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Acquitted of murder, he now faces Army justice

The military is enlisted to try a retired sergeant in a grisly triple slaying.

May 13, 2007|Maura Dolan and Richard A. Serrano | Times Staff Writers

LAKEWOOD, WASH. — Timothy B. Hennis, a quiet father and grandfather retired from the Army after service in the first Gulf War and Somalia, has long been portrayed as an innocent victim of a biased, incompetent criminal justice system.

Hennis was tried twice for a grisly triple murder of a military family, and acquitted after 2 1/2 years on death row. No. 39 on the Death Penalty Information Center's "Innocence List," the 49-year-old master sergeant has made public appearances with other freed inmates to demonstrate just how wrong the justice system can be. A book and a television movie chronicled his fight to prove his innocence.

Now the Army has called him back from retirement to face a possible court-martial and death sentence for the same crime for which he has twice been tried: raping and stabbing to death a woman and slicing the throats of her two little girls on a drizzly night in 1985 on Summerhill Road in Fayetteville, N.C. New laboratory evidence was strong enough for detectives to persuade the military to take on a case barred by double-jeopardy rules from returning to state court.

The results of tests on crime scene samples -- stored for two decades -- are expected to be unveiled this week in a military hearing at Ft. Bragg, N.C., where Hennis was recalled to duty Oct. 30 from his modest neighborhood in this lake-studded city near Puget Sound. The Army can recall a retired soldier to charge him with a crime anytime before the legal deadline for prosecution; murder has no statute of limitations.

A knowledgeable source said a DNA match came from semen; lawyers in the case have refused to confirm that.

Those who helped Hennis win his acquittal, including UC Irvine professor Elizabeth Loftus, have not lost faith. Loftus, a psychologist who published accounts of her work on the Hennis case, called the new charges "outrageous and awful" and the reopening of the investigation "fishy."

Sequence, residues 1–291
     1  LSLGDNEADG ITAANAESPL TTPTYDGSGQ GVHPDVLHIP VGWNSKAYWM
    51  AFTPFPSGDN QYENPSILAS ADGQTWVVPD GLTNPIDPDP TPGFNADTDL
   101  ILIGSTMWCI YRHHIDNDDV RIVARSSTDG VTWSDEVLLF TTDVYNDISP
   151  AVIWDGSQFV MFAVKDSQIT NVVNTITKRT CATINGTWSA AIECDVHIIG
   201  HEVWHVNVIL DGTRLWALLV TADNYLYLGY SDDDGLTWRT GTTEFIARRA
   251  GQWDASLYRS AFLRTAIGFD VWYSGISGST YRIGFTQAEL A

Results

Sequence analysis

Scott Whisnant, a former journalist who covered the murders for the Wilmington, N.C., Star News and later wrote a book about the case, "Innocent Victims," said he cannot believe that a vicious killer -- one of the little girls was nearly decapitated -- could have lived an otherwise normal life as a soldier, son, father and husband with no further violence.

Whisnant also wonders about the strength of the evidence, given the fact that Hennis has not been jailed or even confined to the base while awaiting Wednesday's hearing.

"The government believes they have the evidence to tie him to a triple murder, where someone took a knife to a 5-year-old and cut her from ear to ear and did the same to a 3-year-old, but no one has incarcerated him," said Whisnant.

A spokesman at Ft. Bragg said Hennis was assigned to supply duties commensurate with his rank. There was "no need to lock him up," the spokesman said. After retiring from the military, Hennis had taken a white-collar job.

Les Burns, a retired North Carolina private investigator who worked for Hennis, said police and prosecutors in Cumberland County never let go of Hennis as the "only guy," which makes Burns wonder if the sudden appearance of the "magical" DNA sample will hold up. Burns said police had DNA capability 10 years ago and did not use it then.

"If you try to balance fairness against justice, justice needs to prevail," the investigator said. "But if you're only out to get Hennis, and some people never give up, that is not justice."

Hennis is accused of raping and killing Kathryn Eastburn, 31, and killing Erin Eastburn, 3, and Kara Eastburn, 5, on May 9, 1985. Stationed at Ft. Bragg at the time and the father of a baby girl, Hennis two days before the slayings had answered a newspaper advertisement to buy the Eastburns' dog. He left the home with the family's English setter, Dixie.

According to Hennis, Kathryn Eastburn explained that the family was moving to England and that she wanted to find Dixie a good home because she feared the dog might not survive the trip. Hennis said he sat with Eastburn at the kitchen table and used the bathroom while he was there. He also said he exchanged phone numbers with Eastburn in case the dog didn't work out.

Air Force Capt. Gary Eastburn, Kathryn's husband, was attending officers' school in Alabama at the time.

On the day of the slayings, Hennis drove his wife, Angela, and daughter to Selma, N.C., so they could spend the weekend with her parents. Hennis had two 24-hour on-call shifts requiring him to remain at the barracks that weekend, and Angela Hennis wanted to spend her first Mother's Day with her family.

After dropping off his wife and daughter, Hennis visited an old girlfriend, and they talked for a while before he left. He said Eastburn called him about 9 o'clock that night to check on the dog. Hennis called his wife at 9:05 p.m.

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